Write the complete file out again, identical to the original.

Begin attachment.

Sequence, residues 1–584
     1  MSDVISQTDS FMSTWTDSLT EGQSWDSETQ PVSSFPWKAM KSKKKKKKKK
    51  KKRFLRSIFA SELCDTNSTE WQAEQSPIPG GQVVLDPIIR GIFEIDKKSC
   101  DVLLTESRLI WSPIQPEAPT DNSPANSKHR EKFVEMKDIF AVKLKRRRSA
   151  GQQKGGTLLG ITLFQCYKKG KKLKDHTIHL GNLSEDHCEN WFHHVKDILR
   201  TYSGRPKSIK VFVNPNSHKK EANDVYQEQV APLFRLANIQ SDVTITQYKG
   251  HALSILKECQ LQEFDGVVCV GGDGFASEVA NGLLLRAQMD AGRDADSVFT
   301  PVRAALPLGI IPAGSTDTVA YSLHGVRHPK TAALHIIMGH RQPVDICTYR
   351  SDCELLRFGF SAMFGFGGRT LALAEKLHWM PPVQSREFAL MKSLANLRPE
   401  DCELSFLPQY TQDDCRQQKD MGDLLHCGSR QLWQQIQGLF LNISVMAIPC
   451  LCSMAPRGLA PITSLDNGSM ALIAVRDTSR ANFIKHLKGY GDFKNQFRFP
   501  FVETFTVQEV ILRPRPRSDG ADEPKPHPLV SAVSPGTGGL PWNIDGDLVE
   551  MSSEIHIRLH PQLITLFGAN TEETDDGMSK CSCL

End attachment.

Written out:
Sequence, residues 1–584
     1  MSDVISQTDS FMSTWTDSLT EGQSWDSETQ PVSSFPWKAM KSKKKKKKKK
    51  KKRFLRSIFA SELCDTNSTE WQAEQSPIPG GQVVLDPIIR GIFEIDKKSC
   101  DVLLTESRLI WSPIQPEAPT DNSPANSKHR EKFVEMKDIF AVKLKRRRSA
   151  GQQKGGTLLG ITLFQCYKKG KKLKDHTIHL GNLSEDHCEN WFHHVKDILR
   201  TYSGRPKSIK VFVNPNSHKK EANDVYQEQV APLFRLANIQ SDVTITQYKG
   251  HALSILKECQ LQEFDGVVCV GGDGFASEVA NGLLLRAQMD AGRDADSVFT
   301  PVRAALPLGI IPAGSTDTVA YSLHGVRHPK TAALHIIMGH RQPVDICTYR
   351  SDCELLRFGF SAMFGFGGRT LALAEKLHWM PPVQSREFAL MKSLANLRPE
   401  DCELSFLPQY TQDDCRQQKD MGDLLHCGSR QLWQQIQGLF LNISVMAIPC
   451  LCSMAPRGLA PITSLDNGSM ALIAVRDTSR ANFIKHLKGY GDFKNQFRFP
   501  FVETFTVQEV ILRPRPRSDG ADEPKPHPLV SAVSPGTGGL PWNIDGDLVE
   551  MSSEIHIRLH PQLITLFGAN TEETDDGMSK CSCL